Ask the folks running Al-Jazeera, arguably the most influential television station in the Middle East. As of this week, the outspoken network has officially been "encouraged" to "balance" its coverage of the region's news i.e. "tone down" any anti-American sentiment.
This hazy request (or was it a warning?) came during a meeting earlier this week between Secretary of State Colin Powell and the Emir of Qatar, who is also Al-Jazeera's founder and primary benefactor. As is so often the case when First Amendment expectations collide with wartime diplomacy, the parameters of "acceptable censorship" seem to depend entirely upon personal perception. In this case, anyway, Powell's entreaty does not appear to have crossed any serious lines of protocol.
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"The State Department is certainly allowed to request that Qatar rein in its reporting," says Belle Adler, a journalism professor at Northeastern University in Boston. "The problem is when and if the U.S. government instigates legal proceeding against another country's journalists, doing things like subpoenaing reporters, revoking licenses, or throwing people in jail. We haven't seen that happen here, and I very much doubt it will." Even though the Qataris haven't exactly agreed to acquiesce.
Since its inception five years ago, Al Jazeera has been the toast of most Western media. American newsmagazines (including TIME) and newspapers sang the praises of the Doha-based satellite channel's defiantly novel approach to reporting news in the Middle East. By the late 1990s, CNN was so impressed by the news channel's coverage and influence that the Atlanta-based network added Al-Jazeera to their list of 200 international affiliates, a relationship that allows each network to use the other's video feed and pictures.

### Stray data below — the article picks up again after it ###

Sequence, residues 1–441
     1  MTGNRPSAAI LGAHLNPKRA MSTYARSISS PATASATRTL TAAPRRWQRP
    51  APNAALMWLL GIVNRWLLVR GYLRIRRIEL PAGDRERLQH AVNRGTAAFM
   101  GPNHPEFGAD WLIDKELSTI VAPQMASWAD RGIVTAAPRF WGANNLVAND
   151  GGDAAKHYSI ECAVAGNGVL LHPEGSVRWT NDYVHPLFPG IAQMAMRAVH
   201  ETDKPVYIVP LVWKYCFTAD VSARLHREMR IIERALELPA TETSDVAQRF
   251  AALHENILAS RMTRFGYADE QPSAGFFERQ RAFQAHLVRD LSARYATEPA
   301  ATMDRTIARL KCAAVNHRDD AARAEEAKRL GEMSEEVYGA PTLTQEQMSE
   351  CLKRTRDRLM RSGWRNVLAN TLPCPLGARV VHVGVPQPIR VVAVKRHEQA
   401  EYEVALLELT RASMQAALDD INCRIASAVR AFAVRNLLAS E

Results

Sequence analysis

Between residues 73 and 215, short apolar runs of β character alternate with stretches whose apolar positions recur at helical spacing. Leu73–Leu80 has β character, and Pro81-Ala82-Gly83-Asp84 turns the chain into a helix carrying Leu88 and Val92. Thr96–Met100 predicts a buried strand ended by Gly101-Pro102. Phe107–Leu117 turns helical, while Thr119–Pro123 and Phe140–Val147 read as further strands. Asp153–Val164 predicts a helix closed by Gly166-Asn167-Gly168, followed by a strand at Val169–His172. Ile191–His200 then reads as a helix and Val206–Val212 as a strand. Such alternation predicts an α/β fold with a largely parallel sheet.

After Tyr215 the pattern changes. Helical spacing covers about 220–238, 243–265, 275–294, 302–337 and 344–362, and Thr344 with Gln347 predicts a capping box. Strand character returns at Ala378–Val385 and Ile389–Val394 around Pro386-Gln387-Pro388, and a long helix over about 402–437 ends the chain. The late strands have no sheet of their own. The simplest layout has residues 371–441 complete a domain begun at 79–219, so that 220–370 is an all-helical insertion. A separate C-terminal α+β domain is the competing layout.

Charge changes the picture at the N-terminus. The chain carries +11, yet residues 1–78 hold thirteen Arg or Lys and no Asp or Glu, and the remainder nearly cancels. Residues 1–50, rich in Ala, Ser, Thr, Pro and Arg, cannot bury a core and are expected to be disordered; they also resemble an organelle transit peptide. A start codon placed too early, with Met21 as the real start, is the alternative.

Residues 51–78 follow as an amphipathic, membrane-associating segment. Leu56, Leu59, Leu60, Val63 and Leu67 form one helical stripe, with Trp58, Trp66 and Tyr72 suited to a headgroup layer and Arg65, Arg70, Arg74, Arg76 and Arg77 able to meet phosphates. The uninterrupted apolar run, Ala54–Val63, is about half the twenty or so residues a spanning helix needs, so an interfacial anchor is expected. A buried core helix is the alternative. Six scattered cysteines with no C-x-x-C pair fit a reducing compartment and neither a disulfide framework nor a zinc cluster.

Rather than feed its audience the officially-sanctioned, cookie-cutter version of events typical of the region's state-owned networks, Al Jazeera gives equal time to dissident, even revolutionary views of Islam, human rights and the governments of the region. And such irreverence has naturally earned it plenty of enemies among the authoritarian regimes that run the Arab world. But it has also drawn a loyal audience of some 40 million viewers, based everywhere from Washington to Tehran.
Founded in 1996 by Qatar's Emir Hamad bin Khalifa, the fledgling news channel quickly became famous among locals, and infamous among the regimes of the Gulf States, many of which went to great lengths (including turning off electricity to an entire country) to prevent their subjects being exposed to Al-Jazeera's "sensationalist" programming.
While its liberal coverage has raised hackles among members of the Taliban and other fundamentalist groups, Al-Jazeera strives to maintain working relationships with organizations across the region's ideological spectrum. And that inevitably makes it, on occasion, a platform for some fiercely anti-American views. In a rare 1998 interview on the network, Osama bin Laden exhorted fellow Muslims to "target all Americans."
Al-Jazeera's broad mix of views doesn't much bother Washington, except when U.S. interests are perceived to be at immediate risk. In 1998, during a flare-up in tension between Iraq and the U.S., the Pentagon balked at story lines critical of American foreign policy. Washington's complaints went unheeded three years ago, and today, Emir Hamad remains defiant. "Whenever we hear from our friends (on the topic of Al-Jazeera), we consider this as a friendly advice and we listen to the friends and their advice," he told reporters in Washington on Wednesday. "But the issue here is the program that has been put together in Qatar. Qatar is embarking onů a parliamentary life with a democracy, which dictates that freedom of the press should be granted, and that press should enjoy credibility."